Even the inner cover was crowded. Help is on the way, girls!

Saturday, 26 May 2018

May -- Whats Not To Like?

As usual, May has been a delightful month.

Baltimore Orioles, Rose-breasted Grosbeaks and Gray Catbirds are feeding at the grape jam dispenser. They are on their second jar of the treat.

Meanwhile the garden is already productive. I've been lunching on garden asparagus, and boiled wild nettle greens. Also, rhubarb is in season and I've been using it to make sauce, cold drinks and pie. I make pretty good bread (even if I do say so myself) but my pie crust certainly needs improvement. It's tasty enough but much too heavy. Perhaps the next time I'll try using shortening instead of butter.

The Royal wedding was a special viewing treat. The pagentry! The lovely frocks! The celebrities! The sumptuous flowers! The music! At least a quarter of my ancestors were from England so I do feel a strong connection to the U.K. Yes, Prince Harry and Meghan were gorgeous but for me, the beautiful horses were the stars of the procession. Windsor grays and Household Cavalry horses groomed and tacked to perfection. Wonderful! And those frosty glasses of Pimm's looked so refreshing.

I did find it interesting to see so many elegantly dressed and hatted ladies, tottering riskily on very high and thin heels during their long walk to St. George's Chapel. Many were clutching their escorts' arms for safety and studying the path ahead for imperfections. In contrast, the elder royals, in their nineties, strolled unaided and easily along. I guess fashion and vanity prevails today as it did for me, long ago.

The Baltimore Orioles are already on their second jar of grape jam.

A female Ruby-throated hummingbird has journeyed far with those long wings!

A Brown Thresher belts out a medley of the songs of other birds.

Spring-Beauties and a wee beetle beastie.

Let the cheerful bouquets begin!

The wonderful fresh scent of laundry, courtesy of the sun and gentle breezes.

Young nettle tops make a nutritious boiled side-dish green.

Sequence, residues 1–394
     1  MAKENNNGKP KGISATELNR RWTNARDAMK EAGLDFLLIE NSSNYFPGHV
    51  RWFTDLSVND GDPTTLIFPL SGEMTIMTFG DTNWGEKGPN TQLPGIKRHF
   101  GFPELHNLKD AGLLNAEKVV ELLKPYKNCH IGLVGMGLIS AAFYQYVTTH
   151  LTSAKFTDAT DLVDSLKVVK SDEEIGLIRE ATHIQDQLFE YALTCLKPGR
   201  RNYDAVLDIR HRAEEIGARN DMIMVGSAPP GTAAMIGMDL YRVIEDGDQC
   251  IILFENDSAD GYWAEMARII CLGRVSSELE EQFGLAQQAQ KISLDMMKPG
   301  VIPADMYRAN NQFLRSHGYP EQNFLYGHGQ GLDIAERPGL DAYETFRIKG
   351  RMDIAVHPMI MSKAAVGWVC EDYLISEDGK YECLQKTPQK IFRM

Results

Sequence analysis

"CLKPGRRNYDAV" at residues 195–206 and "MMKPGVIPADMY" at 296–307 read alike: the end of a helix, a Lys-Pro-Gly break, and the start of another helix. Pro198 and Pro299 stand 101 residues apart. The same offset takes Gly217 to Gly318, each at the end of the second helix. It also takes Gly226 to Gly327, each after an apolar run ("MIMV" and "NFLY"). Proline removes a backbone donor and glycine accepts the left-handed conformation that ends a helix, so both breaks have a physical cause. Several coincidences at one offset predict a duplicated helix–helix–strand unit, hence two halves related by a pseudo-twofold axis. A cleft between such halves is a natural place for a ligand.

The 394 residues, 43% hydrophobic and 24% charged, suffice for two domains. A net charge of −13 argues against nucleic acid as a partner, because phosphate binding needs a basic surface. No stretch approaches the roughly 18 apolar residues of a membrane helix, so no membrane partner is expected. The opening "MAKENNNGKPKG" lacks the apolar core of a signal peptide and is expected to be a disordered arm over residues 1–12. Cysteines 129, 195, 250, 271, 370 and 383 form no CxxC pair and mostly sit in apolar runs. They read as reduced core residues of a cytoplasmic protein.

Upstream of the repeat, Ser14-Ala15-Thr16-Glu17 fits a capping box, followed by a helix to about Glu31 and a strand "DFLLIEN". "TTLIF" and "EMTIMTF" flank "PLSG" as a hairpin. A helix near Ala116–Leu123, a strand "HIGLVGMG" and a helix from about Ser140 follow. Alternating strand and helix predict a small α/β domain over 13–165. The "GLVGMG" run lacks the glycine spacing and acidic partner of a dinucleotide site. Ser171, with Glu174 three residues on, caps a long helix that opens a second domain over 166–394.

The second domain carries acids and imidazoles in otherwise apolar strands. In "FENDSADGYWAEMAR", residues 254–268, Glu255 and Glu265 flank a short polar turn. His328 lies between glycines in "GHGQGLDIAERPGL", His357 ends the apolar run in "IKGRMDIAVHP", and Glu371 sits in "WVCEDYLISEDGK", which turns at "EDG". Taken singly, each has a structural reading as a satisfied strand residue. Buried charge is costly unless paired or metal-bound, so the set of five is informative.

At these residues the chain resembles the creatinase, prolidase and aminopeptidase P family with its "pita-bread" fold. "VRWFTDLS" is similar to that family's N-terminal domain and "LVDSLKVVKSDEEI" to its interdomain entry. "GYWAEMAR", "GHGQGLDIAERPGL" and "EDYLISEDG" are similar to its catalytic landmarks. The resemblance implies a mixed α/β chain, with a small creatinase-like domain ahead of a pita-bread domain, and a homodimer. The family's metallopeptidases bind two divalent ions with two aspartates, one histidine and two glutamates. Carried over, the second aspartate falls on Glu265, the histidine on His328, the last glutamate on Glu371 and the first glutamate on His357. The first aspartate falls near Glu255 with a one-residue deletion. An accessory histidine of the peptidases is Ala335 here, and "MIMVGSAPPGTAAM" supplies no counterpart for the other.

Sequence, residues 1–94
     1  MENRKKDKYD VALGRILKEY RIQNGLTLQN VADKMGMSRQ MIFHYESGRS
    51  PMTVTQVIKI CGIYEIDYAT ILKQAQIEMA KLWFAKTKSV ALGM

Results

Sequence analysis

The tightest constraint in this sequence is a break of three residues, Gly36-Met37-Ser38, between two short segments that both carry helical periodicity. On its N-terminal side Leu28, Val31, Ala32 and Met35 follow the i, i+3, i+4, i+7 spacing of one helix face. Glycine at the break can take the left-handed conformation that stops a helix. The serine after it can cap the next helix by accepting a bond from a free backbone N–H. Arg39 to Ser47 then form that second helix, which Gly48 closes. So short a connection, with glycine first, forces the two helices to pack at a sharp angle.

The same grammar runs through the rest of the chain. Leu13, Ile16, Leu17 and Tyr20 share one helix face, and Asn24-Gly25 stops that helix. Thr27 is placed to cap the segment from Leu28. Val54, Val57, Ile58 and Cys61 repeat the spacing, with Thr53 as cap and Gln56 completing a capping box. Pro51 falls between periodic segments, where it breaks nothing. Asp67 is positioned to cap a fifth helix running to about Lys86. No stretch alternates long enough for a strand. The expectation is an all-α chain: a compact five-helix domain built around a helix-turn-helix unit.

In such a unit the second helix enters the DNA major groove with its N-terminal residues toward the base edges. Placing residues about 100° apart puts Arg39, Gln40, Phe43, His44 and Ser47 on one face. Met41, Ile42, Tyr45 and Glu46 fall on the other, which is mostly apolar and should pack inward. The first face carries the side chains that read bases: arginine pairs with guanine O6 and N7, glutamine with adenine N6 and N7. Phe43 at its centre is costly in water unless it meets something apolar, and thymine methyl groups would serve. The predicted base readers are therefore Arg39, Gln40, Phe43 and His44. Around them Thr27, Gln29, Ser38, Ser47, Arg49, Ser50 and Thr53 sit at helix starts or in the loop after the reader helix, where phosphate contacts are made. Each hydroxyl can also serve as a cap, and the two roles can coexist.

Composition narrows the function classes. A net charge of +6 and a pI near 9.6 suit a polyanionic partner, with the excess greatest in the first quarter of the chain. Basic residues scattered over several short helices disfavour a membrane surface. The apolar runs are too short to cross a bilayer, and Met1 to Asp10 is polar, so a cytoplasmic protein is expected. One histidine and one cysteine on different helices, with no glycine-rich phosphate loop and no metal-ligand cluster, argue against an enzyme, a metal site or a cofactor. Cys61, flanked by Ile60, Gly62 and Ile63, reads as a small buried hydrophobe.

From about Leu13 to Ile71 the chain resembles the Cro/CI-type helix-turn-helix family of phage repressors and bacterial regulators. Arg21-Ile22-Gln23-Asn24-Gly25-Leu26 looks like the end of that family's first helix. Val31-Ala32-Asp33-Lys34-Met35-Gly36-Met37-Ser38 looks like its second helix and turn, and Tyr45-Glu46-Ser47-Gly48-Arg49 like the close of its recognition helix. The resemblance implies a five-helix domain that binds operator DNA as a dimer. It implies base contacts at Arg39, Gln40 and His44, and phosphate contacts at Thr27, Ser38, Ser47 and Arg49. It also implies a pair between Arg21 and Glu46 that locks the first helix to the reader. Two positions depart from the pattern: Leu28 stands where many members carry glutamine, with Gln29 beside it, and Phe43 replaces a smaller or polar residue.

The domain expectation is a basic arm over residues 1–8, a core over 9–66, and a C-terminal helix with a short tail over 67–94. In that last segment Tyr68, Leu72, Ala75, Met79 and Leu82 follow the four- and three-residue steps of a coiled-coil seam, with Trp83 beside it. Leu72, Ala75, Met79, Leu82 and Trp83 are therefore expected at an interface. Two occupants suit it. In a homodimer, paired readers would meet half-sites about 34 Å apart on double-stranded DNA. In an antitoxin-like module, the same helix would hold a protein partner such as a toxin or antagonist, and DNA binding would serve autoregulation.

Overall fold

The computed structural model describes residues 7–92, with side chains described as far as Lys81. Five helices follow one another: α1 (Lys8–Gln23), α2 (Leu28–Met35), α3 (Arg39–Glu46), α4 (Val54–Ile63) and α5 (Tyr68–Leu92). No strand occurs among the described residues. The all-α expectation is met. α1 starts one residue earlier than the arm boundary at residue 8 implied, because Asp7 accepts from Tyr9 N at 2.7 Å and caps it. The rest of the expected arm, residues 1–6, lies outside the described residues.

My rhubarb pie. Tasty but I really need to improve my pie crust recipe.

I hope this prevents "Your car was there but no one was home."

Thursday, 10 May 2018

A First For Me

Early yesterday morning, I was delighted to see a new guest using one of my bird feeders. This was a special treat because not only was my visitor exceptionally beautiful, it was also my very first sighting of an Indigo Bunting (Passerina cyanea).

Not yet fully blue, this little chap is likely a first-year male.

He certainly seemed to know his way around a bird feeder.

Always wise to check overhead for danger ...

... and get along nicely with the locals.

He calmly makes eye contact with the lady snapping her camera.

Weighing only half an ounce, he sits comfortably within a 1.5 inch square cage opening.

Saturday, 21 April 2018

Spring Ritual

Always a joyous event, today was my first sighting of returning Tree Swallows to my property this year. Consequently, Number Six on my 'To Do List' was immediately promoted to Number One. Namely, Clean Out The Bird Boxes! I had removed the old nests from these boxes last Fall but mice like to overwinter in them. Evictions (without prior notice) are inevitable. 

A Tree Swallow grooms while holding dibs on a chosen box.

House Number Two has squatters! Sorry mice folk but you have to go!

Granted, you are a little cutie, but you have no rental lease. Time to bail!

The Tree Swallows are about a week late in arriving this year. I find this understandable because five days ago a major ice storm covered the whole region of Eastern Ontario. Freezing rain and high winds brought power outages, school closures and many ice related accidents. I took the following snaps:

Ice coatings and icicles on April 16th, 2018.

Fluffed and hunched, this American Robin found shelter from the storm.

A red squirrel checks for edibles among blown down spruce twigs.

I saw no coyote tracks at all last winter and only an occasional fox track. But last night, in the wee small hours I heard a coyote singing near the house. On today's hike, I came across fresh scat and coyote tracks in the mud. They are back, perhaps to raise a family in our bush lot. Of mice, there are aplenty! They should make a good living.